Clinicians encounter patients who report experiencing hearing difficulty (HD) even when audiometric thresholds fall within normal limits. When there is no evidence of audiometric hearing loss, it generates debate over possible biomedical and psychosocial etiologies. It is possible that self-reported HDs relate to variables within and/or outside the scope of audiology. The purpose of this study is to identify how often, on a population basis, people with normal audiometric thresholds self-report HD and to identify factors associated with such HDs.
This was a cross-sectional investigation of participants in the Beaver Dam Offspring Study. HD was defined as a self-reported HD on a four-item scale despite having pure-tone audiometric thresholds within normal limits (<20 dB HL0.5, 1, 2, 3, 4, 6, 8 kHz bilaterally, at each frequency). Distortion product otoacoustic emissions and word-recognition performance in quiet and with competing messages were also analyzed. In addition to hearing assessments, relevant factors such as sociodemographic and lifestyle factors, environmental exposures, medical history, health-related quality of life, and symptoms of neurological disorders were also examined as possible risk factors. The Center for Epidemiological Studies-Depression was used to probe symptoms associated with depression, and the Medical Outcomes Study Short-Form 36 mental score was used to quantify psychological stress and social and role disability due to emotional problems. The Visual Function Questionnaire-25 and contrast sensitivity test were used to query vision difficulties.
Of the 2783 participants, 686 participants had normal audiometric thresholds. An additional grouping variable was created based on the available scores of HD (four self-report questions), which reduced the total dataset to n = 682 (age range, 21–67 years). The percentage of individuals with normal audiometric thresholds who self-reported HD was 12.0% (82 of 682). The prevalence in the entire cohort was therefore 2.9% (82 of 2783). Performance on audiological tests (distortion product otoacoustic emissions and word-recognition tests) did not differ between the group self-reporting HD and the group reporting no HD. A multivariable model controlling for age and sex identified the following risk factors for HD: lower incomes (odds ratio [OR] $50,000+ = 0.55, 95% confidence interval [CI] = 0.30–1.00), noise exposure through loud hobbies (OR = 1.48, 95% CI = 1.15–1.90), or firearms (OR = 2.07, 95% CI = 1.04–4.16). People reporting HD were more likely to have seen a doctor for hearing loss (OR = 12.93, 95% CI = 3.86–43.33) and report symptoms associated with depression (Center for Epidemiological Studies-Depression [OR = 2.39, 95% CI = 1.03–5.54]), vision difficulties (Visual Function Questionnaire-25 [OR = 0.93, 95% CI = 0.89–0.97]), and neuropathy (e.g., numbness, tingling, and loss of sensation [OR = 1.98, 95% CI = 1.14–3.44]).
The authors used a population approach to identify the prevalence and risk factors associated with self-reported HD among people who perform within normal limits on common clinical tests of auditory function. The percentage of individuals with normal audiometric thresholds who self-reported HD was 12.0%, resulting in an overall prevalence of 2.9%. Auditory and nonauditory risk factors were identified, therefore suggesting that future directions aimed at assessing, preventing, and managing these types of HDs might benefit from information outside the traditional scope of audiology.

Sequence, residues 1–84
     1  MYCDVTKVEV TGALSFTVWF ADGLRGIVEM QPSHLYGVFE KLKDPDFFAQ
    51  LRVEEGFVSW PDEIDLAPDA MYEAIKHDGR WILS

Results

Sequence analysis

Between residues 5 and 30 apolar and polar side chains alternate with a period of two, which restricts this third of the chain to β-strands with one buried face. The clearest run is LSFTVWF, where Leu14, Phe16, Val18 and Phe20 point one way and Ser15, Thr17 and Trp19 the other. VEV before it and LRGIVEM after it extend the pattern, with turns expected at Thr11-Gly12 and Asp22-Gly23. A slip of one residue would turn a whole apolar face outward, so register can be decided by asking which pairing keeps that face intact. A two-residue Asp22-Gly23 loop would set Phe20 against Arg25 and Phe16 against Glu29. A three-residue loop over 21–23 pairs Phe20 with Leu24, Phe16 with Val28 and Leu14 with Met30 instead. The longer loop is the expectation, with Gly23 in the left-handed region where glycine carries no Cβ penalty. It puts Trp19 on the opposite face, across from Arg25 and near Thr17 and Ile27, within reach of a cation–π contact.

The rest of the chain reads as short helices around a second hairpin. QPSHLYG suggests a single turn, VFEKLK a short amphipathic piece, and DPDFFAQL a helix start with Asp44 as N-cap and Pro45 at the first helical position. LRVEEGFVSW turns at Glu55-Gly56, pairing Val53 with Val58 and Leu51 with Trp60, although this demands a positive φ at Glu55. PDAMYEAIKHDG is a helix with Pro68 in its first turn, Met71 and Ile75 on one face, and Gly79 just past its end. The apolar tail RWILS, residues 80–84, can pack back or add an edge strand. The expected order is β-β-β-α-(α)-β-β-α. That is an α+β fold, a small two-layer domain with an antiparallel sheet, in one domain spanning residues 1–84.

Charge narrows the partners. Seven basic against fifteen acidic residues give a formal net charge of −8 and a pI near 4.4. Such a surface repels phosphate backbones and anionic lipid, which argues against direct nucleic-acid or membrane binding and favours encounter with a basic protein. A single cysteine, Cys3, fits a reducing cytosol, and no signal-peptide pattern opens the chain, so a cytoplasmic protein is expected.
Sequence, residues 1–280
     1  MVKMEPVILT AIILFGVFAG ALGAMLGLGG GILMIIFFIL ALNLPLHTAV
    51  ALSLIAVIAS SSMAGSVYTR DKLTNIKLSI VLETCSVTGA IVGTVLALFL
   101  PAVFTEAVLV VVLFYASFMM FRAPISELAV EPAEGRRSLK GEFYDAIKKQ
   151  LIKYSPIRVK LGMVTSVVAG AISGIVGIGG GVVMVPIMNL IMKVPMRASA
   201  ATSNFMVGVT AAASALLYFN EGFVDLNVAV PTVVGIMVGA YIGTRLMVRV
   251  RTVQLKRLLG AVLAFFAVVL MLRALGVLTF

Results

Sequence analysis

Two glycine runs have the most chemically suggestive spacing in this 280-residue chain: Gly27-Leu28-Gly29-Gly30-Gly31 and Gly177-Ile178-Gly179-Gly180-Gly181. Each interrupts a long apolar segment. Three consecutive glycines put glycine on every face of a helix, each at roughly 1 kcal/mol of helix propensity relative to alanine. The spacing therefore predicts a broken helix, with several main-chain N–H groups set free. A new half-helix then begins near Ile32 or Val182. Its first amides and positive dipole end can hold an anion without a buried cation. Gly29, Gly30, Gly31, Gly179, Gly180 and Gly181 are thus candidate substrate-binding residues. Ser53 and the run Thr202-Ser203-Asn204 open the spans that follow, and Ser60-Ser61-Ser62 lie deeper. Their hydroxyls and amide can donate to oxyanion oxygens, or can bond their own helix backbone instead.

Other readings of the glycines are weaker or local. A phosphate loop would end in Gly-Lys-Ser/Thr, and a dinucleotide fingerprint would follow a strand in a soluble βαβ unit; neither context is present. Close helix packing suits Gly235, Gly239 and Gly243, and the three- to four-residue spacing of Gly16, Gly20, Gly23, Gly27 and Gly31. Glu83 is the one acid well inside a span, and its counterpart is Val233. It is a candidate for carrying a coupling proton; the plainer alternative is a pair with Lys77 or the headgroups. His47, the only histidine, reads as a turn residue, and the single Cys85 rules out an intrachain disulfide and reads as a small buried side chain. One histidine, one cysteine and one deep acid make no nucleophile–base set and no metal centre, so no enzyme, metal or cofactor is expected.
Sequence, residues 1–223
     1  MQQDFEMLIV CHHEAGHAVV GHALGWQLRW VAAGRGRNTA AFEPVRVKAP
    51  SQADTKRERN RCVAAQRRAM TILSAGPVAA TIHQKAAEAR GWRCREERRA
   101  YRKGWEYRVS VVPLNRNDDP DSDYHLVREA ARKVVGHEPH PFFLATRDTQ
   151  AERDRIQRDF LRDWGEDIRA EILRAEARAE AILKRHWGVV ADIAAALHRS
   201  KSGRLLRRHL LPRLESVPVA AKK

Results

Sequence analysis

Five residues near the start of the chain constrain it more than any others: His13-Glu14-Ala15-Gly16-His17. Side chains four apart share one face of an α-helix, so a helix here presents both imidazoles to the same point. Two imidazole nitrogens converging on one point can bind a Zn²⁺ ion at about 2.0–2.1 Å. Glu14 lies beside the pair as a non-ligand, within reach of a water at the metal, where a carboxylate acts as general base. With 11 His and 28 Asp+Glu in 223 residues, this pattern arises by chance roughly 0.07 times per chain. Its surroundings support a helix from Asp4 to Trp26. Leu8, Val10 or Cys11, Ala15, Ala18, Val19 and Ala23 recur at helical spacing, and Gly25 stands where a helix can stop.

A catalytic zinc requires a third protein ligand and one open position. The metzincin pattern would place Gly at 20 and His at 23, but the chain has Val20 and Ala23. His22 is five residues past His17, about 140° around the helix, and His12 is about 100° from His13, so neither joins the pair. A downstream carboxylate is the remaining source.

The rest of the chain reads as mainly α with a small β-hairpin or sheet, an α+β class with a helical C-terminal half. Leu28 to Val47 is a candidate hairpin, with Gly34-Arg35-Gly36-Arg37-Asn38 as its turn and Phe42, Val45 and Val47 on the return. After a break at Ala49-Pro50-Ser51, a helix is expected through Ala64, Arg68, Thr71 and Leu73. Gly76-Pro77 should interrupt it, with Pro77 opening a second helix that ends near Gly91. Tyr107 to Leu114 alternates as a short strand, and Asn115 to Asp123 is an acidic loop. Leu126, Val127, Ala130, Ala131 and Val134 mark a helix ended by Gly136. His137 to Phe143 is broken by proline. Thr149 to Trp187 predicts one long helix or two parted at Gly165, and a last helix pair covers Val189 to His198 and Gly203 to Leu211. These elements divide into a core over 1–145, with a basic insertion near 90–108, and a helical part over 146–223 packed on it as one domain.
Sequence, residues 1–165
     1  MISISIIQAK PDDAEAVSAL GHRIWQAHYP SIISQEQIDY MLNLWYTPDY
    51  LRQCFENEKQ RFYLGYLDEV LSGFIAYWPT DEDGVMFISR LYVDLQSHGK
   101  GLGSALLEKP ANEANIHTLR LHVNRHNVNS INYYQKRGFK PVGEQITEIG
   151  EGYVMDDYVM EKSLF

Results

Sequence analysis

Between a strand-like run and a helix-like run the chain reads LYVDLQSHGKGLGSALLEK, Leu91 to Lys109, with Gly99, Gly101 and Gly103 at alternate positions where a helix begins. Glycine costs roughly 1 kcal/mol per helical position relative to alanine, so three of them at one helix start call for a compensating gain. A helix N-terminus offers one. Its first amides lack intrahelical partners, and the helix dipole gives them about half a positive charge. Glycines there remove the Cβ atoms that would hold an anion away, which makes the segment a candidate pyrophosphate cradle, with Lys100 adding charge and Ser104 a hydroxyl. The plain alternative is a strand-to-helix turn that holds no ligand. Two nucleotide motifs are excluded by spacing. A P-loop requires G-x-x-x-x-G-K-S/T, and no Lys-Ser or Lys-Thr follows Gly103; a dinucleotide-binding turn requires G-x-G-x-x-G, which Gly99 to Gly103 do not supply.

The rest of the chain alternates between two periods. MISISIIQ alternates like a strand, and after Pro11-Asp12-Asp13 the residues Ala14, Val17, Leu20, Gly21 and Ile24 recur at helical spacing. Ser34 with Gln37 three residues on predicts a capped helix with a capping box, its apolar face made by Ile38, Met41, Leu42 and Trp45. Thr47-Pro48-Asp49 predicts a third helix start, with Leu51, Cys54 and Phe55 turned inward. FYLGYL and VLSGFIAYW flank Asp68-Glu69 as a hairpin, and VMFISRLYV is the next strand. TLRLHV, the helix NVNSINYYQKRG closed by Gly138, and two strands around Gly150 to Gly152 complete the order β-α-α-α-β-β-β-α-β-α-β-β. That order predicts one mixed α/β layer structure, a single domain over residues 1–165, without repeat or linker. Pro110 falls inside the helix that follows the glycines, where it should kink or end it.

We used a population approach to identify the prevalence and risk factors associated with self-reported HD among people who perform within normal limits on common clinical tests of auditory function. The percentage of individuals with normal audiometric thresholds and who self-reported HD was 12.0%, the overall prevalence was 2.9%. Auditory and non-auditory risk factors were identified therefore suggesting that future directions aimed at assessing, preventing, and managing these types of HDs might benefit from information outside the traditional scope of audiology.
1Department of Speech and Hearing Sciences, University of Washington, Seattle, Washington, USA; 2Department of Ophthalmology and Visual Sciences, University of Wisconsin, Madison, Wisconsin, USA; and 3Department of Population Health Sciences, School of Medicine and Public Health, University of Wisconsin, Madison, Wisconsin, USA.
Funding was received from the National Institutes of Health/National Institute on Deafness and Other Communication Disorders in the form of an Administrative Supplement award to K.J.C. (5R01AG021917). This project was supported by R01AG021917 (K.J.C.) from the National Institute on Aging, National Eye Institute, and National Institute on Deafness and Other Communication Disorders and an unrestricted grant from Research to Prevent Blindness. The content is solely the responsibility of the authors and does not necessarily represent the official views of the National Institute on Aging or the National Institutes of Health.
Portions of this article were presented at the 5th Aging and Speech Communication International and Interdisciplinary Conference, Bloomington, Indiana, 2013, as well as at the Association for Research in Otolaryngology Conference in 2015.
The authors declare no other conflict of interest.
Received May 18, 2014; accepted June 3, 2015.
Address for correspondence: Kelly L. Tremblay, Department of Speech and Hearing Sciences, University of Washington, Seattle, WA 98105, USA. E-mail: firstname.lastname@example.org